Robert Carioscia’s work has been featured in solo and group museum and gallery exhibitions, including: The Freyberger Gallery at Penn State University, Lyceum Gallery at SUNY Suffolk, Fusion Arts Museum, NYC, The Maloney Gallery at the College of St. Elizabeth, The Yocum Arts Institute, Pa., The Robeson Gallery at Rutgers University, Briarcliff College Exhibition Center, St. Joseph’s College, The Islip Arts Museum, Parrish Art Museum, Hofstra University Museum, Dowling College, Youngstown State University, Elaine Benson Gallery, Giordano Gallery, James Yu Gallery, Homegrown Gallery, Mills Pond House Gallery, amongst others.
He is a recipient of residency fellowships from Yaddo, and The Virginia Center for the Creative Arts. His awards include a New York Foundation for the Arts Mark Grant, the Heckscher Art Museum Award in Painting, a Grumbacher Award and a New York Foundation for the Arts SOS Grant.
Carioscia has received public art commissions from The New York Metropolitan Transportation Authority Arts for Transit Program for permanent art at Columbus Circle Station and a public arts commission for the Mural Project at the LIRR Train Station at Smithtown, NY. He has also served on the New York Metropolitan Transportation Authority Arts for Transit selection committee and the New York Foundation for the Arts SOS Panel.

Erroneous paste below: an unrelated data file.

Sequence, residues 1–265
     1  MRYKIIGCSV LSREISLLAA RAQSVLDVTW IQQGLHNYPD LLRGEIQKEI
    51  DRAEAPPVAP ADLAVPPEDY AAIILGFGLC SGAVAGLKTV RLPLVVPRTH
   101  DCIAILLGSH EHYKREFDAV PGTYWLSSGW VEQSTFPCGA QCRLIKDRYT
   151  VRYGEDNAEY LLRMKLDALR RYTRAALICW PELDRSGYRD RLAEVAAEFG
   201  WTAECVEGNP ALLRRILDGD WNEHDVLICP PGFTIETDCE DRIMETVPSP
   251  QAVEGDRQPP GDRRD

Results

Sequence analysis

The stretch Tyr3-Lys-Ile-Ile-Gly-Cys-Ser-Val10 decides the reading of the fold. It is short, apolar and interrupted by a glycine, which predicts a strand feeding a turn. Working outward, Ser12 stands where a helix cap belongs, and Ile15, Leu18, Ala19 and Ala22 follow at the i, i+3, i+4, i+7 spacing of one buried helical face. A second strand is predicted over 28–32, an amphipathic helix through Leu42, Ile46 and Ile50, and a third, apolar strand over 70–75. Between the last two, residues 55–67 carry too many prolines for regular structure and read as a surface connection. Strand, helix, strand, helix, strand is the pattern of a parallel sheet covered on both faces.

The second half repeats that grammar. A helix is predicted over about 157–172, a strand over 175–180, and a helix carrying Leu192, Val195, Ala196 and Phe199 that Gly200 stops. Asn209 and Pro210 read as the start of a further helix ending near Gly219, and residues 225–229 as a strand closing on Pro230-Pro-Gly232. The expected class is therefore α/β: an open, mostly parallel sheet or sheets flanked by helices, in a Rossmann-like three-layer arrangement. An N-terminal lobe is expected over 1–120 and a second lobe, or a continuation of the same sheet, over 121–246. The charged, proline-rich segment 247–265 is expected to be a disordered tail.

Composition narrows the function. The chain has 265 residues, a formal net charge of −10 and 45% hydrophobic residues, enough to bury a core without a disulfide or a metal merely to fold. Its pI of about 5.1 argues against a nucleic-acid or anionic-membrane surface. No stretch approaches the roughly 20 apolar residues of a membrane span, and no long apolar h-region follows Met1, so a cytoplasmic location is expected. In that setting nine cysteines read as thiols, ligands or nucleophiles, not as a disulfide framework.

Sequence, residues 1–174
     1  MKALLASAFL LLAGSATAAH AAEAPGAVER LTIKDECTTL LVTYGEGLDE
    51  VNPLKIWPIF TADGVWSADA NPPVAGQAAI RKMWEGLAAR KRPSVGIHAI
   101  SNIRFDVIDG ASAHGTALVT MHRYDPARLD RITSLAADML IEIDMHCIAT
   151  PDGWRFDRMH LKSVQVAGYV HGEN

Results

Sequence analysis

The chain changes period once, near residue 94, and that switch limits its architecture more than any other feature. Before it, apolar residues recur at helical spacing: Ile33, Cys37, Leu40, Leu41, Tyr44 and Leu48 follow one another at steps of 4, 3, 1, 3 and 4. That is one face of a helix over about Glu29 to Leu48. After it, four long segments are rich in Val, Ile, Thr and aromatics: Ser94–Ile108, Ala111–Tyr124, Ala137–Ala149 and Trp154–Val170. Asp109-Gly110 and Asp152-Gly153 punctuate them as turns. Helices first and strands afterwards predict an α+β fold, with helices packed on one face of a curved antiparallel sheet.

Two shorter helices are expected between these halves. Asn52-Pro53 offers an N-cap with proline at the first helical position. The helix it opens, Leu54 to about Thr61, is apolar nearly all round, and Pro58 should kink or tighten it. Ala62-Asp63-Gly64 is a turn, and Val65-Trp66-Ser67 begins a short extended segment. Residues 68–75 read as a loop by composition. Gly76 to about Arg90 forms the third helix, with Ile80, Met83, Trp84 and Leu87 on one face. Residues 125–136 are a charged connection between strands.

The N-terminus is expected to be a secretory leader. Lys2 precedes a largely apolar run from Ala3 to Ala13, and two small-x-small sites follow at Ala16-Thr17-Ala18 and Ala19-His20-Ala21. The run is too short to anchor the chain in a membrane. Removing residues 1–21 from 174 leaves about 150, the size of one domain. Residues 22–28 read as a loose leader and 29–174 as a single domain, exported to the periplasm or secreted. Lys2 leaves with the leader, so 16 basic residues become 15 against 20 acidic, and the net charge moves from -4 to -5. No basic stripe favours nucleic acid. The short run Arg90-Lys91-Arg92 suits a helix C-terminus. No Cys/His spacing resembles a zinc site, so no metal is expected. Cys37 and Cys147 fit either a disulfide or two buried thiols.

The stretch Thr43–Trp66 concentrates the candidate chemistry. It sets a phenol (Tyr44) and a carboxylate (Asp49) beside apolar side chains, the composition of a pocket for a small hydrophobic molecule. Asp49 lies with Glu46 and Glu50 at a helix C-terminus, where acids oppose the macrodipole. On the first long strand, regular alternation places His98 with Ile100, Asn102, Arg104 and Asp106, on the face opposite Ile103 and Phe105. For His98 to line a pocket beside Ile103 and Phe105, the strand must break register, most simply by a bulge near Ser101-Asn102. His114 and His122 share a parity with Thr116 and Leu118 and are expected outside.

He was born in NYC and educated at Hofstra University and The Cooper Union. He began his formal career in art collaborating on performance pieces at Robert Raucshenberg’s NYC studio.
Robert Carioscia’s art encompasses several distinct bodies of work. Each series possess it’s own individual identity, yet there are thematic and structural links. Their compositions are shaped by a dynamic painterly quality and his unique personal vision.
The earliest work represented in this portfolio, The Trophy Animal Paintings, examines species eradication and environmental sustainability through the lens of a classically painted image.
The Primate paintings use chimpanzees to comment on current social and political events.
Water and Transcendence explores the metaphysical relationship of man, nature and metamorphosis. It culminated with a number of public art commissions.
The Sag Harbor paintings are informed by the town’s past and present history. The whaling industry, as exemplified by Herman Melville’s Moby Dick, supported 19th century Sag Harbor, today it’s real estate development.